New guidance statements published online ahead of print in October 2018 in Diabetes Care highlight the importance of lifestyle modifications and self-management, with a focus on support and education to ensure success. Of the lifestyle modifications, focused efforts targeting weight loss are central to the newest guidelines.
Lead author, Professor Melanie J. Davies, CBE, MB, ChB, MD, FRCP, FRCGP, affiliated with the Diabetes Research Centre, University of Leicester, Leicester, UK, and the Leicester Diabetes Centre, Leicester General Hospital, Leicester, UK, and her team underscore the importance of healthcare providers prioritizing the delivery of patient-centered care and offering access to ongoing programs following that approach.
The consensus recommendations also reaffirm the importance of using metformin, which is still the preferred initial glucose-lowering medication for most people with type 2 diabetes. However, the selection of add-on therapy should be based not only on clinical factors, but also on patient preferences. These references include willingness to take more medication, insurance coverage, and the bottom-line costs of the prescription for the patient. The team reminds providers managing diabetes that they should consider stepwise additions of augmentation therapy rather than starting with an initial combination.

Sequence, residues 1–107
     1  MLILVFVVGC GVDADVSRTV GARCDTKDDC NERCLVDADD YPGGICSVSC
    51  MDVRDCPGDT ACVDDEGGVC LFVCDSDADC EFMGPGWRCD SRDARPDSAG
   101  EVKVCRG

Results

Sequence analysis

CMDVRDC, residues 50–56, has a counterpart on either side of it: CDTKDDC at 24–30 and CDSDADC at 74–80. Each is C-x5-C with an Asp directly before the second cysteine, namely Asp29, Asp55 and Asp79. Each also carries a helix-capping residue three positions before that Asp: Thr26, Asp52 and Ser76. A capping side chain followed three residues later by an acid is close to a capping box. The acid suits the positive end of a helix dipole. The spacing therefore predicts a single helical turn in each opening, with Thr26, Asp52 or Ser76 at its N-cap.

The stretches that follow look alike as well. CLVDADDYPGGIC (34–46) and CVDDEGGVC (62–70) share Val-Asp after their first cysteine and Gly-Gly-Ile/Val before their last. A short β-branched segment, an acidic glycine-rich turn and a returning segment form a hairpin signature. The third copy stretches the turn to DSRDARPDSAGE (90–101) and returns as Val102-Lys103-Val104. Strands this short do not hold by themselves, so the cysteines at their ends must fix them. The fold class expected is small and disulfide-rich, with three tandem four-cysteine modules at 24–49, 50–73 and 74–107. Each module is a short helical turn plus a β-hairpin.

According to the cochair of the expert panel, John Buse, MD, PhD, the Verne S. Caviness Distinguished Professor and chief of endocrinology at the University of North Carolina School of Medicine in Chapel Hill, it is “important for all patients to know the focus of care is shifting to better account for the individual needs and preferences of patients, along with an effort to actively engage patients to take a more active role in educating themselves about the disease and managing it.”
Some clinical conditions were associated with specific recommendations, including the use of a sodium-glucose cotransporter 2 (SGLT2) inhibitor or a glucagon-like peptide receptor agonist with proven cardiovascular benefit for patients with clinical cardiovascular disease. The guidelines also recommend using SGLT2 inhibitors with proven benefit for patients with clinical heart failure and atherosclerotic disease or chronic kidney disease.
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